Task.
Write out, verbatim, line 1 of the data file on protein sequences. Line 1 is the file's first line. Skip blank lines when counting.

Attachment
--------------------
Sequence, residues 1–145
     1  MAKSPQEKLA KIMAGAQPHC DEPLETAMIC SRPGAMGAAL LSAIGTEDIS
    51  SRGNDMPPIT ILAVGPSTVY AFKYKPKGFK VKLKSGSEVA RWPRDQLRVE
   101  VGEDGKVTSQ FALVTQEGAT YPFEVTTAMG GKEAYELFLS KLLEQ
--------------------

Sequence, residues 1–145